The process of sending encrypted information through a HTTPS connection is complex. In simple terms, an SSL certificate inserts random characters into information making it incomprehensible to anyone without the right encryption key. This information is transferred to its destination in its encrypted form.

2. Provides Authentication

To prevent interception of sensitive information like credit card information by imposters, an SSL certificate is necessary. It is very easy for a hacker or an identity thief to trick your website users into sending sensitive information to the wrong servers by creating a user interface that resembles your website.

To provide authentication, a certificate authority issues a server certificate along with the SSL certificate. The server certificate mediates between the browsers and the SSL servers. Visitors to your site can, therefore, be able to validate the trustworthiness of your site and ascertain that they are not sharing their information with an imitation.

3. Necessary for Accepting Payments

An SSL certificate with at least 128-bit or higher encryption is mandatory for an e-commerce site to meet Payment Card Industry (PCI) compliance. This means that if you intend to take any credit card payments on your website, you must have an SSL certificate. To meet PCI standards, your SSL certificate must be from a trusted source, have proper encryption and provide a private and secure connection to your customers. 

4. Protects Against Phishing

Often disguised as advertisements, phishing emails contain links that lead unsuspecting customers to fake sites with the intention of gathering their credit card and personal information for malicious use. Given the rigorous authorization process necessary to obtain a trusted SSL certificate, phishers have a hard time obtaining authentic SSL certificates for their fake sites. This makes it easy for customers to flag secure sites and navigate away from them without sharing their information.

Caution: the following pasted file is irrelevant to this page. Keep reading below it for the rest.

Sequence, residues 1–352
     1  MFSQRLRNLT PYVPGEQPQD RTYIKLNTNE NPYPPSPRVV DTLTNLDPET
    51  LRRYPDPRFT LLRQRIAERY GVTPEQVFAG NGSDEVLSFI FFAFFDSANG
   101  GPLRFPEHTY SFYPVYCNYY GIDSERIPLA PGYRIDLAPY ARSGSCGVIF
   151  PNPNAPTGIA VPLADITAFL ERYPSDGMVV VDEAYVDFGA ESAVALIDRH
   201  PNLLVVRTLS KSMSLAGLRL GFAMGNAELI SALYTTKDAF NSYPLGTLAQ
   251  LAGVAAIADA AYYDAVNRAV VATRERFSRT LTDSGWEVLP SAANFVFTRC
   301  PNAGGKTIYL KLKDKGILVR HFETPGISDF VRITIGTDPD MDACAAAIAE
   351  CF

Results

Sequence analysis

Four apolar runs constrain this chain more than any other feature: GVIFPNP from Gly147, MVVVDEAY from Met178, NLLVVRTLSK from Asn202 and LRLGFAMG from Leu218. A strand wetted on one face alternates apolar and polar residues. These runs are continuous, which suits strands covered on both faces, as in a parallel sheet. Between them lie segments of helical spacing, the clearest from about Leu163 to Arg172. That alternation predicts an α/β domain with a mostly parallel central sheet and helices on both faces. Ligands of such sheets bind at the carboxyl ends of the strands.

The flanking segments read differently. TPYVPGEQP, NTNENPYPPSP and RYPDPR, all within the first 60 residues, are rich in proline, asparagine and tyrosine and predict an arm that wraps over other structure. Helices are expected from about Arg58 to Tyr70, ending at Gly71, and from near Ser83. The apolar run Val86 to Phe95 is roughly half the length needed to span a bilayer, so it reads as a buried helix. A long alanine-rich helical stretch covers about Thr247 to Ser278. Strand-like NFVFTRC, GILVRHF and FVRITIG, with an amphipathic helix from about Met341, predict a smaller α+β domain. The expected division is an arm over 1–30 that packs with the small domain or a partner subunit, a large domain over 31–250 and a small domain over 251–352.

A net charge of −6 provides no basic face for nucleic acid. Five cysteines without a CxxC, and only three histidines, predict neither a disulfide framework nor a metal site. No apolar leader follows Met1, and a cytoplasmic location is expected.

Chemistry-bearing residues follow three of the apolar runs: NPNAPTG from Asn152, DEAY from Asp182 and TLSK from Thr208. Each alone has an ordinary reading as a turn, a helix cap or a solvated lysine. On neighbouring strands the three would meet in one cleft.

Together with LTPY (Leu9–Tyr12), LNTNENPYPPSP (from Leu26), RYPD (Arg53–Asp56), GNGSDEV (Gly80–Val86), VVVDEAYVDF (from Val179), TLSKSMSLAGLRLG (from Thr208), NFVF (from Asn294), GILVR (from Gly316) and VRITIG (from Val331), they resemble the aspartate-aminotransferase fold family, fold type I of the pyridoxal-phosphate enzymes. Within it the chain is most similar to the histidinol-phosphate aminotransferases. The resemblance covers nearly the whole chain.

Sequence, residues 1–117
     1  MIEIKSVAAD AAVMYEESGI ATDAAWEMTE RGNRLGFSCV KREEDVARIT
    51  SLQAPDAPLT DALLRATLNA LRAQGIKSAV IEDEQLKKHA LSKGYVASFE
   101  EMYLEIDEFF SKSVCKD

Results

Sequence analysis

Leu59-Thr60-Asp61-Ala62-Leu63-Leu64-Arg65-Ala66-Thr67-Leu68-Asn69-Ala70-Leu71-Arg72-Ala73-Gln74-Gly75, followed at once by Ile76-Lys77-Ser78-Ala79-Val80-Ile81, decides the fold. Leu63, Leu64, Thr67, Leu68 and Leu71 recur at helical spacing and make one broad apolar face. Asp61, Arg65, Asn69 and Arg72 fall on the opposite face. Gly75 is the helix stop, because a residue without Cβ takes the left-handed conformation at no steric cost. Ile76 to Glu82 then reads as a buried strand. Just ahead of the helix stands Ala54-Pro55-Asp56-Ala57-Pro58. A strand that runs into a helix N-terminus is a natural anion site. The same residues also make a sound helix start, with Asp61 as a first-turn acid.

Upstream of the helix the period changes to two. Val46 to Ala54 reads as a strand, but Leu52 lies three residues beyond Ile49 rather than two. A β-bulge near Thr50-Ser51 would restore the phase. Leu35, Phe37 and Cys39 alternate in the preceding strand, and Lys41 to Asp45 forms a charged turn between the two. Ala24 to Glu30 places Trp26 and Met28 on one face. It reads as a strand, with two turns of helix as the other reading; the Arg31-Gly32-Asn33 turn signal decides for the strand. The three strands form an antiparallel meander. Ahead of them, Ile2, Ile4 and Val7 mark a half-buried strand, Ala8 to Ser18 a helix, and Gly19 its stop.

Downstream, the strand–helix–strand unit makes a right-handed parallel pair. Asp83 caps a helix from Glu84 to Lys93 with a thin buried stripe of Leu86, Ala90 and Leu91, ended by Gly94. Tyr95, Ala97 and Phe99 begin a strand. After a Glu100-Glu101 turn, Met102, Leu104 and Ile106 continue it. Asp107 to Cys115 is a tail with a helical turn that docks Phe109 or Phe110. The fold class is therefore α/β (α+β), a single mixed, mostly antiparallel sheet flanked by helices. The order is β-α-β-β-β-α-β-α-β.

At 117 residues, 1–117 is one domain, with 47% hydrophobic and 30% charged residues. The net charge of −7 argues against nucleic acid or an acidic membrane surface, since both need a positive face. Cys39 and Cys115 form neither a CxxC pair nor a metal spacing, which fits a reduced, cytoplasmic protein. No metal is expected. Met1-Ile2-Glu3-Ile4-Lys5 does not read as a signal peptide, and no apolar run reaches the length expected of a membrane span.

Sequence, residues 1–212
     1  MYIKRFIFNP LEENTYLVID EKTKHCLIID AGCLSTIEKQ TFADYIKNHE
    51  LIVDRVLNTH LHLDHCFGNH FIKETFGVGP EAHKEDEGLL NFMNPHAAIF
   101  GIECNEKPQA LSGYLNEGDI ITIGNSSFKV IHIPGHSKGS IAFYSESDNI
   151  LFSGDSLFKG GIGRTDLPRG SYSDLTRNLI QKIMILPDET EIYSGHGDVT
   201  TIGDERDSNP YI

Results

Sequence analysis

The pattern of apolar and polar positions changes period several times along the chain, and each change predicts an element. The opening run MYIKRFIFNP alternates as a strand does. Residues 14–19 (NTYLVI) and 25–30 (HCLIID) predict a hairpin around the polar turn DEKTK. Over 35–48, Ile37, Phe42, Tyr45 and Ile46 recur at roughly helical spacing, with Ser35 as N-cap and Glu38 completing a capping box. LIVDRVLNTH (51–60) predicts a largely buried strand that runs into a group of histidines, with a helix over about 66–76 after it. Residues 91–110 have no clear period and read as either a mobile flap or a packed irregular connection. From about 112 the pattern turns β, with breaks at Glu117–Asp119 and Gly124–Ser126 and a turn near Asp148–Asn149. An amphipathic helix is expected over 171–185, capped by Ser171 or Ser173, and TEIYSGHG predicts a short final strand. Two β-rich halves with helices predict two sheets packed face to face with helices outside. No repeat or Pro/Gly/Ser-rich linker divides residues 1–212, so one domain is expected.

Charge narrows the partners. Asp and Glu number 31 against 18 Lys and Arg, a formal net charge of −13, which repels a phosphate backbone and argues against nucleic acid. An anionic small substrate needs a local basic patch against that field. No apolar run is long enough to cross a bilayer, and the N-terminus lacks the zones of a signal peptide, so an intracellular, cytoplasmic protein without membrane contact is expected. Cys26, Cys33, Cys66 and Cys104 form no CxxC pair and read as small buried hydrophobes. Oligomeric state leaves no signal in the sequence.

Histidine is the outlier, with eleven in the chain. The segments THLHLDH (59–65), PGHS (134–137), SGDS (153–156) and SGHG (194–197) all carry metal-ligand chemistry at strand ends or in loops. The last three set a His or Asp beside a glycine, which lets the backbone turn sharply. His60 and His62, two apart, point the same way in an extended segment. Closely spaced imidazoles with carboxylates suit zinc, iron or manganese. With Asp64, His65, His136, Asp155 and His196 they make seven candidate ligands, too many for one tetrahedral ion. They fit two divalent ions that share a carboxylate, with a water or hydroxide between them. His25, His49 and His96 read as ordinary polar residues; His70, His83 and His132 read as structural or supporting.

5. Improve Your Website’s SEO

A couple of years ago, Google and other search engines began using HTTPS, the secure version of HTTP, as a ranking signal. This made SSL an essential part of SEO. In addition to giving higher rankings to sites with SSL certificates, Google Chrome now marks sites that do not have SSL certificates as non-secure to warn off users.

To gain a competitive edge over your competitors, you need to obtain a highly secure SSL certificate.

6. Boosts Brand Power

Certificate authorities offer security seals along with the SSL certificate that indicates that well-trusted encryption is in use. This can go a long way to improve your brand’s credibility leading to long-term relationships with your clients.

7. Improves Trust

All the elements of an SSL certificate work together to build a visitors trust in your website. With cases of cyber-crime on the rise, website visitors need to know that their personal information is secure. An SSL certificate provides this security and gives them ways of verifying it.

8. Cost Effective

SSL certificates are also cost-effective. A single website can use Comodo SSL certificate which is cost-effective and beneficial for small to large scale website. If a business is managing multiple websites they can use Multi-Domain SSL certificate to secure multiple websites with the single certificate. This single highly secure certificate, you can secure up to 100 unique domains saving you the cost of purchasing many individual certificates for each domain.

Conclusion

In recent years, SSL certificates have become more of a necessity than a choice. Your website cannot rate competitively on search engines and it is very difficult to conduct credit card transactions on it without an SSL certificate. To protect your website from security breaches and grow it to greater heights, you need to obtain a trusted SSL certificate from a reliable certification authority.

There are numerous types of SSL certificates each offering different features and benefits. Your choice should be influenced by your website needs.

Article originally published at socPub.